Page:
I wish I could say that the refugee situation, the shaky political atmosphere, the regional conflict, and the existence of mercenaries and other militant groups were part of the fiction, but the sad fact is they exist, both in Cameroon and in several places throughout Africa. Families walking miles upon miles to find somewhere safe, bringing nothing but the clothes on their backs and what could be shoved into a pack. Children being conscripted into war, losing limbs to landmines, ethnic conflict. These are things that have become a way of life for many. In DO-GOODER, these are things that help a (sort of) self-centered kid look beyond himself.

Anyway, Cameroon is an amazing place I hope I get a chance to visit one day. For now, I’ll let my research and my imagination take me there.

Are there any places you’ve gone to that changed you? Made you reevaluate who and/or what you were? Are there places you desperately want to visit? Where and why? *Commenters will be entered to win a grand prize basket that includes an African cookbook by Marcus Samuelsson, a children’s African folk tale picture book, a field guide to African animals, and some fun swag.*



“Does the radio work in this thing?” I reached forward and fiddled with the radio’s power button and volume knob. Static blared through the small space, and I cranked the volume back down. I turned the dial to scan for anything with actual music, or even talking. Anything to distract me.

“We can sometimes get a station in pretty clear when we’re in Yaoundé, and even Bertoua occasionally, but for the most part, it’s dead air.”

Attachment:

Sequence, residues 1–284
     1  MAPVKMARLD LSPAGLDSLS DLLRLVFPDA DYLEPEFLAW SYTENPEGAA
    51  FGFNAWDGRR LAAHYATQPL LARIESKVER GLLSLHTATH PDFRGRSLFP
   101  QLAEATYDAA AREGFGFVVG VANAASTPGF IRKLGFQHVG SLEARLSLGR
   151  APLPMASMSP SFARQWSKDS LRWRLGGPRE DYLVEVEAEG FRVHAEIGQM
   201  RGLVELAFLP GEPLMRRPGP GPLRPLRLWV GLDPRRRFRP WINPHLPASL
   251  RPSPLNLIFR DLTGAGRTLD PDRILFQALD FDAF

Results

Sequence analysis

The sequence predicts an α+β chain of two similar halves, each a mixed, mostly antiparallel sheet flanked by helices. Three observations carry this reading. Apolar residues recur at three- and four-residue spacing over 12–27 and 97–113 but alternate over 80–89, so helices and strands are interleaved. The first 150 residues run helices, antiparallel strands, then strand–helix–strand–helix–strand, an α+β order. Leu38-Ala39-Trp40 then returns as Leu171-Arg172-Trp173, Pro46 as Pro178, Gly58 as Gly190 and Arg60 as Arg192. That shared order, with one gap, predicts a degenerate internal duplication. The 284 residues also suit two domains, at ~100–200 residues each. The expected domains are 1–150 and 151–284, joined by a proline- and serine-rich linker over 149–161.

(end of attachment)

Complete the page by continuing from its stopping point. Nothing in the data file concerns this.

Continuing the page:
“No CDs or, hell, even cassettes? How can you stand the quiet?”

“I like quiet. When there are no distractions you can clear your head of everything else and just exist.”

That sounded a little too woo-woo for me. He must have caught and understood my expression. “I’m not talking about meditation or something like it, but more along the lines of appreciating what’s around you. Really, look around. What do you see?”

I scanned the empty road and the vegetation that tried to take it over. “I see a whole lot of nothing. No people, no buildings. A whole lot of creepy nothing.”

“That’s the city talking.” Henry pulled to the edge of the road and put the big vehicle in Park. “I see a forest that is as close to untouched by man as most people will ever see. Look.” Henry pointed out past my window. I followed the line of his arm and finger, trying to see what he wanted me to. “Do you see it?”

I found it hard to focus on anything else with Henry practically touching me. He’d leaned close to point, and I could feel the heat from his body. I wanted to lean back into him, extend the contact, but my previous “momentary lack of judgment” thing aside, I wasn’t stupid. I blamed my body’s reaction to jet lag. Jet lag and teenage hormones.

I forced myself to look past Henry’s pointing finger. I saw trees. Lots and lots of trees. There were tall, scraggly trees that looked like oversized bonsai plants, short squat trees that seemed almost bush-like, and thick, leafy trees that towered over them all. The canopy of tall branches stretched out until it almost covered the small road and pale, sun-bleached grasses sprouted between the bushes. Sure, it was different than I was used to, but I didn’t see anything to get excited about.

“Right there. Do you see it?”

I’d almost admitted defeat when a small movement from one of the branches caught my attention. No bigger than a house cat, it looked like a monkey (or some kind of monkey-like creature—I’m not a zoologist). It had yellowish fur and an almost skeletal face. On the whole, though, it was kind of cute.

“That’s a talapoin. This is one of three countries in the entire world that you can find them.”